November 10, 2010
Today is the birthday of Christian reformer Martin Luther. Luther was born November 10, 1483. His father wanted him to become a lawyer, but young Luther instead entered Catholic holy orders and became an Augustinian monk in Saxony.
In 1517, Luther posted his 95 Theses on the door of the Wittenberg Church door, in the university town where he was serving as a teacher. Young Luther had earned his doctorate in theology, at a time when doctorates were rarer than Nobel Prizes are today.
Luthers 95 Theses disputed the church practice of selling indulgences. Luther read in the book of Romans that the just shall live by faith. It was faith, then, and not the purchase of indulgences that led to salvation, Luther maintained.
His bold move sparked a reformation of the Church. The still-new printing press soon spread Luthers ideas around Europe.
He was always in grave jeopardy. An earlier reformer, the Bohemian Jan Hus, had been burned at the stake for heresy for saying some of the things that Luther was saying. Hus (goose) said today you burn a goose, but there will come a swan. To millions, Luther became the Swan of the Reformation.
In 1521, Luther was ordered to appear before the Diet of Worms. Thats the name given to the imperial council of the Holy Roman Empire. That body consisted mostly of representatives of petty German states, what Churchill called pumpernickel principalities.
Fearing for his life, his friends warned Dr. Luther not to go. But he was adamant: I would go if there were a devil on every roof tile. When he was ordered to renounce his writings, and commanded to write no more, Luther refused. Before the Holy Roman Emperor, young Charles V, and the assembled nobles and clergy of the German nation, Luther proclaimed:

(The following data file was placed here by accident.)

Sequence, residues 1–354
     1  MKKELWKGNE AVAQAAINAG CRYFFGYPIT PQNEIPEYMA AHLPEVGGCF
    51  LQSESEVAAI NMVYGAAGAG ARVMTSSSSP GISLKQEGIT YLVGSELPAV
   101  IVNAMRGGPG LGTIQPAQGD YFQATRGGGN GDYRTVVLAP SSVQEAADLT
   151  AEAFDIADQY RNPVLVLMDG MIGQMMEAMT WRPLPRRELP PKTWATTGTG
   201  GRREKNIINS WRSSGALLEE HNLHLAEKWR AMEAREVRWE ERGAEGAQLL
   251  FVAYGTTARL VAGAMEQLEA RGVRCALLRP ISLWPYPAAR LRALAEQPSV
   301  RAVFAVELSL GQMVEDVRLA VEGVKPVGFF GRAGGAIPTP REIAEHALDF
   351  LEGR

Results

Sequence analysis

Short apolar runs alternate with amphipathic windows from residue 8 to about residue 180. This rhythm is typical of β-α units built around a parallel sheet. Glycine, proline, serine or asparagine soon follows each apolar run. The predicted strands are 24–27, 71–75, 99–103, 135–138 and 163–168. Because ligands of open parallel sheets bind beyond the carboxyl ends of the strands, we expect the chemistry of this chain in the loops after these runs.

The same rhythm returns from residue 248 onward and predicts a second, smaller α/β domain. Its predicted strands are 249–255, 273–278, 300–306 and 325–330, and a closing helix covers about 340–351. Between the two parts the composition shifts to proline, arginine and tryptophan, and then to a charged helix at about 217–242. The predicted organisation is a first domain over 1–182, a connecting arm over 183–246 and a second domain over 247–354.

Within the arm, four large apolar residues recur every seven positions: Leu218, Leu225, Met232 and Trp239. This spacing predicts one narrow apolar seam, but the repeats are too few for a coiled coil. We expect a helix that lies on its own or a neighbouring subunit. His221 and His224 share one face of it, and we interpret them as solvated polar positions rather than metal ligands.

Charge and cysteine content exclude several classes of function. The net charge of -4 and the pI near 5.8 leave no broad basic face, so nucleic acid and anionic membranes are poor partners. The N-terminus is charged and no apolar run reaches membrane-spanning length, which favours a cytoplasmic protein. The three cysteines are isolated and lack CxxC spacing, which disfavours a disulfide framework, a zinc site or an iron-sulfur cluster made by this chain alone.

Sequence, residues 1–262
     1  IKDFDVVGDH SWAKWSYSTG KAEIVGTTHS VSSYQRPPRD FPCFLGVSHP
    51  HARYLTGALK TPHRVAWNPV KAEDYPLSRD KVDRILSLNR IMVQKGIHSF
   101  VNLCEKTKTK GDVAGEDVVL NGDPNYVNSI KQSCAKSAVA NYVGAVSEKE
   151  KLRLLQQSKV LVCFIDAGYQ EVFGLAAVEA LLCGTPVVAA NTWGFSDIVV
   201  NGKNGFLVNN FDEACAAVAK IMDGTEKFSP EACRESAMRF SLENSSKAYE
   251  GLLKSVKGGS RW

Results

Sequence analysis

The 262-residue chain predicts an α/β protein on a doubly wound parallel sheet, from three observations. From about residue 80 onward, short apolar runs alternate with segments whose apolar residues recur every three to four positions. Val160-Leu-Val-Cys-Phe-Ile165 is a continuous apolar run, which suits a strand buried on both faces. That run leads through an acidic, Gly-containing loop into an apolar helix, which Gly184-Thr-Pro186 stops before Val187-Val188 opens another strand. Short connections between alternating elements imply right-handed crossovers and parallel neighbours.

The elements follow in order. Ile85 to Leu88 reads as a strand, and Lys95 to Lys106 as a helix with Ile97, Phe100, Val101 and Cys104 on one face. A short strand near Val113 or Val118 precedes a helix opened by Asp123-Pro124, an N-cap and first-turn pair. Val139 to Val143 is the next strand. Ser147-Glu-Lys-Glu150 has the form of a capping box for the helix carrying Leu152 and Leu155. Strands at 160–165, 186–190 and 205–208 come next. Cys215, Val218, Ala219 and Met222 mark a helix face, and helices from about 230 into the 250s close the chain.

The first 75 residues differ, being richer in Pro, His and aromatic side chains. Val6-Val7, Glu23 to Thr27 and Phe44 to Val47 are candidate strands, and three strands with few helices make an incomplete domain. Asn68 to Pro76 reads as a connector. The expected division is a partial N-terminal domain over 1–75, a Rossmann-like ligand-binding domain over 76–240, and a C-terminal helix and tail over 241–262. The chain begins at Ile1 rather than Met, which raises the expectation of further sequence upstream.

Here I stand. I can do no other. God help me. Amen.
On leaving the city of Worms, Luther was kidnapped and taken for protection to the famed Wartburg Castle. Here, he translated the New Testament into German.
This was a great event in the life of the Christian Church, making the Word of God accessible to the poorest of the poor. Luthers translation of the Bible powerfully influenced the development of the German language and culture. It even helped inspire the translation of Holy Scripture into English with the King James Version.
Luthers legacy is honored today in his voluminous writings, his many hymns, and his love for the Christian life and home. Some of his more controversial writings and sermonsespecially his anti-Semitic rants and his more vulgar denunciations of the Popeare rejected. But his brave stand in defense of Scripture inspires us still. It is a tribute to his gifts that one can even hear his great hymnA Mighty Fortress is Our Godsung at Roman Catholic Masses.
By taking a stand for Christian liberty, Luther helped shape the life of Europe and the world. The concluding scene in the film Luther shows the nobles of Germany ceremonially bowing before the Holy Roman Emperor as they presented him with their copy of their evangelical statement of faith, The Augsburg Confession. Each of the nobles comes forward, bows, and offers to let their ruler strike off his head.
It is a powerful testament to their faith that they were willing to give up their lives for the Lord. It is also to be noted that Emperor Charles V did not have them put to the sword.
Europe, it is true, suffered greatly from wars of religionbetween Catholics and Protestants. But it is also true that the jewel of liberty is dearly won and never fully secure.
In many struggles over bioethics, human sexuality, religious liberty, and foreign missions to persecuted lands, we see Evangelical, Catholic and Lutheran Christians in our time working hand-in-hand against moral relativists and militant secularists.
Today, Christian liberty is very much in dangerin Europe and around the world. Even this day, Christians are being murdered in Iraq by fanatical Muslim jihadists who do not hesitate to strike off the head of those whose religious faith differs from theirs.
In Afghanistan, Pakistan, and throughout the Bloody Crescent, Christians are suffering for their faith. Let us speak for them. Let us stand with them. God helping us, we can do no other.